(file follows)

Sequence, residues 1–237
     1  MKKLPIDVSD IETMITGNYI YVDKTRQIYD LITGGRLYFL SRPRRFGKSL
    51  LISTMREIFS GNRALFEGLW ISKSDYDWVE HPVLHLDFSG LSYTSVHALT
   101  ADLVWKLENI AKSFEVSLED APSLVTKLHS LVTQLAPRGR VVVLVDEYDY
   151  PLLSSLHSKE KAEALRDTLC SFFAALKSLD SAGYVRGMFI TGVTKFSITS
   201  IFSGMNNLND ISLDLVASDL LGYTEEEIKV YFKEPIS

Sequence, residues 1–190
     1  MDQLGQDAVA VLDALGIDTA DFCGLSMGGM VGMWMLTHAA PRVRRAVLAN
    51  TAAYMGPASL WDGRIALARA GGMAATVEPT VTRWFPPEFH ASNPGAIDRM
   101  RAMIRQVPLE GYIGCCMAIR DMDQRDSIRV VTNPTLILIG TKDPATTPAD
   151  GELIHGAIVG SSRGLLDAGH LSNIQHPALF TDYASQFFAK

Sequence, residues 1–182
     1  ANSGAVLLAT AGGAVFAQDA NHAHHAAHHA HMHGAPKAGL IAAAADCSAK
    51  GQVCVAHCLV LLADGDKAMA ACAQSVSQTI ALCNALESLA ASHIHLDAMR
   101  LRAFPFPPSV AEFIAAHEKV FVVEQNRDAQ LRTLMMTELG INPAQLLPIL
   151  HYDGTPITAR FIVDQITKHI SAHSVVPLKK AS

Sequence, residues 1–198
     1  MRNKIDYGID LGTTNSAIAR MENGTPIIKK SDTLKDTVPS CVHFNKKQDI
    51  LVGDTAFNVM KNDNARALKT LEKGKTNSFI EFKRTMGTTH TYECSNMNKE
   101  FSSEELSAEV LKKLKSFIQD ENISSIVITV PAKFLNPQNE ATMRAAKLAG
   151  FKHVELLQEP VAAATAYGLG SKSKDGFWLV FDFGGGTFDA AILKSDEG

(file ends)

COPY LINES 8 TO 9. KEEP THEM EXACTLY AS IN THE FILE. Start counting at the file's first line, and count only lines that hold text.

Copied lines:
     1  MDQLGQDAVA VLDALGIDTA DFCGLSMGGM VGMWMLTHAA PRVRRAVLAN
    51  TAAYMGPASL WDGRIALARA GGMAATVEPT VTRWFPPEFH ASNPGAIDRM